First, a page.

Admittedly, the web-resources are lacking extreme depth; however they are free and do help to offer some insight. However, what if you want to go deeper? Then I would suggest the following resources. I have ordered them based on how deep into the meaning you would like to go (and how much money you are wanting to spend). A quick note. Some of these resources use the Goodrick-Kohlenberger numbering system instead of the Strong’s numbering system. Don’t let this stop you from using a particular resource though, because those that do use this numbering system provide an index that will convert the numbers for you.
Old Testament Resources:
- The Complete Word Study Bible-Old Testament and The Complete Word Study Dictionary-Old Testament: This set (and its corresponding New Testament set) were the first word study resources I sought out and bought. The Bible offers insights into how a word is used (verb, noun, shows possession, etc.) and gives you the Strong’s number to look up the definition in the dictionary. The dictionary gives insight into how it is used in various verses to get a more complete look. To save money, purchase the Dictionary first (you can look up the Strong’s number online if necessary).
- New International Dictionary of Old Testament Theology and Exegesis: A massive 5-volume set, it’s hard to beat the comprehensiveness of this work. Scholars have provided lots of insight on the use of Old Testament words in their classical sense and throughout Scripture. It’s a great work, however, the cost is high (usually about $150 for the set). If you will use it extensively, I would highly recommend it, but clearly you have to determine if the usage you get out of it is worth the cost.
New Testament Resources:
- New International Dictionary of New Testament Theology (Abridged): While the cheapest and shortest option of my New Testament recommendations, don’t let that fool you. This oversized book comes packed full of spectacular information. Each word is laid out with three areas of information: classical usage, Old Testament usage, and New Testament usage. Often the New Testament usage is broken down further based on a particular author’s use of the word.
- The Complete Word Study Bible-New Testament and The Complete Word Study Dictionary-New Testament: This is the counterpart to the Old Testament set (although cost for this set is cheaper than the Old Testament set.
- New International Dictionary of New Testament Theology and Exegesis: Also a counterpart to the New Testament set. A great advantage of this set is that it was recently updated this year (2016) and re-released, so you are getting the most current information. Like the Old Testament set, it is a massive five volumes and comes at a cost (usually close to $200).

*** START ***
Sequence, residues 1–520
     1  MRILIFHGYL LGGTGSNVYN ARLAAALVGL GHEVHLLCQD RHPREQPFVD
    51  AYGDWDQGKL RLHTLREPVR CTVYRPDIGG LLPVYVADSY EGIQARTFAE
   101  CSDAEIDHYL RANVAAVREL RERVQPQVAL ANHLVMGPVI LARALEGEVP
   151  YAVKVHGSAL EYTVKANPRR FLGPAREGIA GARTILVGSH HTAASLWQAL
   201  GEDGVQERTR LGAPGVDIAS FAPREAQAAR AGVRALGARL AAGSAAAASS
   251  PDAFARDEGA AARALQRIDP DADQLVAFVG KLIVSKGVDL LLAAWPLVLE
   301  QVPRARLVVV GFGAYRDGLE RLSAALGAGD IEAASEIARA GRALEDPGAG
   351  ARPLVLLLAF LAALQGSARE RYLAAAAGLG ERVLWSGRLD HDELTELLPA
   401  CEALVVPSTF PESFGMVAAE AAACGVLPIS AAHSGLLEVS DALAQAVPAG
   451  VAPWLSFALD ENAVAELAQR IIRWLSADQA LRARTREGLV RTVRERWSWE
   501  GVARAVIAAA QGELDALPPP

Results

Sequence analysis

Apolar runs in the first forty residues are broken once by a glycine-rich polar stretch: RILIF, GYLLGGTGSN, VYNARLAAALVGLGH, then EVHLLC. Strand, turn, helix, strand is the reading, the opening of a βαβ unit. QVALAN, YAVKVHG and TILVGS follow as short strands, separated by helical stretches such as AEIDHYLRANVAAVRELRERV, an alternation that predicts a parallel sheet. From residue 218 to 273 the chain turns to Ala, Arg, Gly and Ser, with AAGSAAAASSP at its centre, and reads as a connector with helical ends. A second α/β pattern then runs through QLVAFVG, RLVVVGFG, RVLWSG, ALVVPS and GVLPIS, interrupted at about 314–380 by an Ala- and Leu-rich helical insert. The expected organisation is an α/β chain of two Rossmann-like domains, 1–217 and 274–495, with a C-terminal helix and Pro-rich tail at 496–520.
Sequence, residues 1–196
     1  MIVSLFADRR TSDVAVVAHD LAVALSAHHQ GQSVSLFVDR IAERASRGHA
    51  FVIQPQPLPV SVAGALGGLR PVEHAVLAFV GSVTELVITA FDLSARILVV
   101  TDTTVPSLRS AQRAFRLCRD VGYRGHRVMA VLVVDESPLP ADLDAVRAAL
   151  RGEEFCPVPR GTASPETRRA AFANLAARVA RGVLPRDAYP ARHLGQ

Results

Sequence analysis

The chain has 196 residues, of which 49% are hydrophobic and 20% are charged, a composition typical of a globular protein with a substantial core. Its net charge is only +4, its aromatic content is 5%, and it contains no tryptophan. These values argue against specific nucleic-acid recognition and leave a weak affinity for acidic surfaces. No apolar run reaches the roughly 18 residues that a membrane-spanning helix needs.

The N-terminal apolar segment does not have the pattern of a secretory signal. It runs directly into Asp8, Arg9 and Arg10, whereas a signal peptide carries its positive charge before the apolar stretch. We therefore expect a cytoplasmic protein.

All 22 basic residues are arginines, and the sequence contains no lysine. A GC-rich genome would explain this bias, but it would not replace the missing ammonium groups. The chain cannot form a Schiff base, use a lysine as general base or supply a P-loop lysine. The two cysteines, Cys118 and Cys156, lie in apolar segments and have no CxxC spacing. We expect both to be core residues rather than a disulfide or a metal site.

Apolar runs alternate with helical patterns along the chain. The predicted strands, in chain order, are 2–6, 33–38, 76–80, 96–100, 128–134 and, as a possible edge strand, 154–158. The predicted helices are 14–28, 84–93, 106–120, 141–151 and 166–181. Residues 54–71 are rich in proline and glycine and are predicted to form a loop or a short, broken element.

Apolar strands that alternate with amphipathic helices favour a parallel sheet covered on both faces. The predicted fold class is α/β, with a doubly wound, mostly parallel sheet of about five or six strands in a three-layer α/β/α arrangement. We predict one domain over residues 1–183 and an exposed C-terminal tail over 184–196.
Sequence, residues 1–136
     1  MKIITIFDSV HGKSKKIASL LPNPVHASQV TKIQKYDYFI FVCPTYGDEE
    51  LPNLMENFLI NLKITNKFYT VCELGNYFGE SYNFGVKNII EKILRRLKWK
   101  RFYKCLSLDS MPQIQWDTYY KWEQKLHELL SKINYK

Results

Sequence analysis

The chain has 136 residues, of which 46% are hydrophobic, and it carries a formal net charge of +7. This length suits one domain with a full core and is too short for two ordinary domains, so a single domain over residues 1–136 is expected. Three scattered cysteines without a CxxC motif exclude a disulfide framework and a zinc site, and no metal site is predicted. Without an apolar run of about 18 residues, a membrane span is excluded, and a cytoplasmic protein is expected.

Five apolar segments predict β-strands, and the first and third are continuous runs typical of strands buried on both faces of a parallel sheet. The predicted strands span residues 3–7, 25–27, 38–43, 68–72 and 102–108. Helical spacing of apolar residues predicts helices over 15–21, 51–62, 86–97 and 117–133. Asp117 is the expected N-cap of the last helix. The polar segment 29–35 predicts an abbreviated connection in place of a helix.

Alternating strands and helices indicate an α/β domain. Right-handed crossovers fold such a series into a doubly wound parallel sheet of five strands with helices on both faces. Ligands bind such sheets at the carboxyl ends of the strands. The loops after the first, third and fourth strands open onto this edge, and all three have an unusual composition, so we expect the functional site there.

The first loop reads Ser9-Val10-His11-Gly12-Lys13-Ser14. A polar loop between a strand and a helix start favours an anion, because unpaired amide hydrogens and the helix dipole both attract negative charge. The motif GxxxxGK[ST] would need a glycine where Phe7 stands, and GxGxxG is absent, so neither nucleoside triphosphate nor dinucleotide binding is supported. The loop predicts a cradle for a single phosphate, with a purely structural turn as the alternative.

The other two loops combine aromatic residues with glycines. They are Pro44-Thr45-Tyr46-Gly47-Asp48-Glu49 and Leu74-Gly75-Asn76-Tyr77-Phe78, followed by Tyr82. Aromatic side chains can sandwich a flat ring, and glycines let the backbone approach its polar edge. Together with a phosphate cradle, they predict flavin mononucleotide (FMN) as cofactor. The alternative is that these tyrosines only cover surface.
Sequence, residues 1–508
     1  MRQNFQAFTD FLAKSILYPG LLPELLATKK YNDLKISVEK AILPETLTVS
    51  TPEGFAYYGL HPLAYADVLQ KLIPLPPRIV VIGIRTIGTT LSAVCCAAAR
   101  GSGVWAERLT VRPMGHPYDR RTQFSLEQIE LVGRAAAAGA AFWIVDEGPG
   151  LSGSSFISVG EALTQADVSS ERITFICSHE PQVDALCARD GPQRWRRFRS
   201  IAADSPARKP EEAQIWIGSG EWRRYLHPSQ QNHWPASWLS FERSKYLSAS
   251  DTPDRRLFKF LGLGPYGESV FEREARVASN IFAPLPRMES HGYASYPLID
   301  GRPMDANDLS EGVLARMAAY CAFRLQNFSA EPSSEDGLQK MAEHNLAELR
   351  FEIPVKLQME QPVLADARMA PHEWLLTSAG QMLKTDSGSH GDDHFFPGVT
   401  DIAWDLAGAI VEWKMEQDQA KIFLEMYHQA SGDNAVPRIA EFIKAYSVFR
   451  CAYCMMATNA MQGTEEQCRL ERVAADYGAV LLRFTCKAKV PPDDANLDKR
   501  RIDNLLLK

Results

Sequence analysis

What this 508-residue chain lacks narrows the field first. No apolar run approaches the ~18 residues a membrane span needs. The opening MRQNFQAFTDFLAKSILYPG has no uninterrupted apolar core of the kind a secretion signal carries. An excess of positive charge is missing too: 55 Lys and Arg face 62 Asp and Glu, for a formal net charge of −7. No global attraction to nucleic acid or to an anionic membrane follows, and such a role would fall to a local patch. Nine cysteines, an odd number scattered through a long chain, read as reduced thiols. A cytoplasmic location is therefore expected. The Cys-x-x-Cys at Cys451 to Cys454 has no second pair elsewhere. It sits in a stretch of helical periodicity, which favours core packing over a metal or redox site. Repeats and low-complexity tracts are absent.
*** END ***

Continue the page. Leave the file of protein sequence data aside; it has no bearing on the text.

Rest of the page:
If you want more detail about how to do a word study, or would like information on how to use the resources I listed above (in particular the The New International Dictionary of New or Old Testament Theology and Exegesis sets) pick up Grasping God’s Word (Hard Copy or Kindle) (which I referenced in the article here). The authors take readers through step-by-step directions on how to make the most use of the resources and gives much more information for proper interpretation of Scripture.
Second, for Logos users, take a look their store. Often the Complete Word Study sets come in cheaper there than if you were to buy a hard copy and it would be integrated with your other Logos capabilities. Furthermore, if you are willing to wait, you may be able to catch the New International Dictionary of New (or Old) Testament Theology and Exegesis sets on sale. I was able to pick up my New Testament set for a mere $70 or something like that, which was a spectacular deal! However, those are rare, so you may have to wait awhile.
For those of you who would prefer a hard copy concordance here are two options I would recommend:
Frankly, these aren’t necessary because you can often get the same information online utilizing the web-based resources above (or similar sites). However, I also understand the joy of having the hard copy books available to you. Personally that’s my preference as well. However, to save money the online resources can easily meet your needs in terms of concordances.
We do not have any excuse for not doing at least a basic study of the Scripture’s use of words. With technology, from the printing press to the computer and internet, the amount of resources we have available to us is almost laughable. However, the tools are meaningless if they are not used. Make the most of out of your Bible study by making the most of the tools you have been given. That includes taking advantage of the free ones and utilizing those that cost if you are so inclined to do so.
And this draws a “close” to my series on effective resources, at least in the formal sense as I earlier stated. Interested in other resources, want me to address a specific area, or just want some information of where to go? Feel free to contact me (use the contact page under “About Me” or simply click here) and I’ll do my best to help you!
To consider others tools and resources available to you in your personal Bible study, browse the previous articles published as part of the “Effective Resources for Bible Study” series:
2) The Tools
3) The Bible